## Displacement, Velocity, and Acceleration

Much of what we have developed for

One-Dimensional Motioncan be immediately extended tovector notationforTwo-Dimensional Motion.

DisplacementThe location of an object is given by the

displacement vectorthat locates an object relative to some origin.

VelocityAs an object changes its position, we will want to describe how

fastit is moving. As with one-dimensional motion, we will define the average velocity as the ratio of the change in its displacement to the change in time to which that corresponds,Notice that the

velocityand thedisplacementarevectors. We are no longer limited to a change in displacement along a straight line.ris a vector.As with one-dimensional motion, we often want to know about the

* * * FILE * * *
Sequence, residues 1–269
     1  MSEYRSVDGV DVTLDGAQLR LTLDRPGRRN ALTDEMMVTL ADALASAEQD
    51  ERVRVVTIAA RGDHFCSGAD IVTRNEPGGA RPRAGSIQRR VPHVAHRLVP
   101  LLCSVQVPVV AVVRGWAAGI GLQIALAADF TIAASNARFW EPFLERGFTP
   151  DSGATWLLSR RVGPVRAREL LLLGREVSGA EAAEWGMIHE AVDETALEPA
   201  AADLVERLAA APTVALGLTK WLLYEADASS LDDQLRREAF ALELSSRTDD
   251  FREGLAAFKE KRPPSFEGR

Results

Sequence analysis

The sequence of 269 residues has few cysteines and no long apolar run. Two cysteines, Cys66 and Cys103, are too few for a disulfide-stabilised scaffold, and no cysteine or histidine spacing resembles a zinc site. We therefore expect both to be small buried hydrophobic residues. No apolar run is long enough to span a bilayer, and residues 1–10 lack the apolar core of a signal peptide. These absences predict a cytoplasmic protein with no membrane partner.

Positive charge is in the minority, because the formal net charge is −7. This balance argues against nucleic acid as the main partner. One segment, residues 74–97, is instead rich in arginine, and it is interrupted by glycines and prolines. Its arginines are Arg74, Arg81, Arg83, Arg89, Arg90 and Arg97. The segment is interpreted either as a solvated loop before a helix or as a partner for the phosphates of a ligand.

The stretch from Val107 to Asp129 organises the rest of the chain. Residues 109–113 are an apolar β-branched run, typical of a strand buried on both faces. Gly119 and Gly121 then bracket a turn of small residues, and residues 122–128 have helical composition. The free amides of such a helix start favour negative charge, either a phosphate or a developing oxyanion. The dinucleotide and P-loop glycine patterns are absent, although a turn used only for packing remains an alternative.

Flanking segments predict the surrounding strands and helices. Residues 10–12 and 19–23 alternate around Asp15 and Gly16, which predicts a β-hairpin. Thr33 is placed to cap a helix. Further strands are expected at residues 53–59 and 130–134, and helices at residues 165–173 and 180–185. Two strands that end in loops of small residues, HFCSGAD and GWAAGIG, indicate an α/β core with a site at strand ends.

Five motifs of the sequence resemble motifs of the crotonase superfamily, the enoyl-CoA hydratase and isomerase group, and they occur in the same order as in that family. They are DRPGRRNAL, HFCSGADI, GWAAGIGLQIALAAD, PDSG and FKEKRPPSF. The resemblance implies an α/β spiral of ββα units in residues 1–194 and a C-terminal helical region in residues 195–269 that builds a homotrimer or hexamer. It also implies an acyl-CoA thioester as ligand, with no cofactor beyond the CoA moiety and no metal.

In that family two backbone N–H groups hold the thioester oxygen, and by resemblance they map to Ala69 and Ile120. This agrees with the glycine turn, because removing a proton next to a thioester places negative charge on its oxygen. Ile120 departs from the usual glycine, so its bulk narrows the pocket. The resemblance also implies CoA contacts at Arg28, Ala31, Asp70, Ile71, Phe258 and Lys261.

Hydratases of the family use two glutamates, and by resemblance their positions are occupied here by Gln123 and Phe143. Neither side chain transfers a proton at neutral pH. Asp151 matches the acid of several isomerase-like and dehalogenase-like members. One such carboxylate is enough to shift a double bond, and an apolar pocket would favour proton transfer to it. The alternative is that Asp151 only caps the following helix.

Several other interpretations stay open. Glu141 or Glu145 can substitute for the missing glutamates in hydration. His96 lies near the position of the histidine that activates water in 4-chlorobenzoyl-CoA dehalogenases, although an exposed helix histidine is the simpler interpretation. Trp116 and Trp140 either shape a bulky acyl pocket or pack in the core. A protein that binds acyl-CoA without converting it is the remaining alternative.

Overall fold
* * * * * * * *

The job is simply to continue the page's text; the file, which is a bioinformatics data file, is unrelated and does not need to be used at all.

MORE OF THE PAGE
instantaneousvelocity,the velocity at this moment. That is the average velocity over a smaller and smaller time interval. As before, thisinstantaneous velocityis often called simpley "the velocity".This limit process, of course, means the

velocityis thetime derivativeof thedisplacement.Remember, velocity

vand displacementrare bothvectors.Notice that the

velocity vectoris tangent to a particle'spath.

AccelerationOf course, we will want to ask how fast the

velocityischanging. Just as earlier, this is theacceleration,This is really the

average accelerationand we can go to theinstantaneous accelerationby using ever smaller time intervalsThe vector

acceleration ais the time derivative of thevector velocity. As before, we will usually say "the acceleration" when we mean "theinstantaneousacceleration".

Table of Contents2-D Motion withConstant AccelerationReturn to ToC, Vectors and 2D Motion(c) 2002, Doug Davis; all rights reserved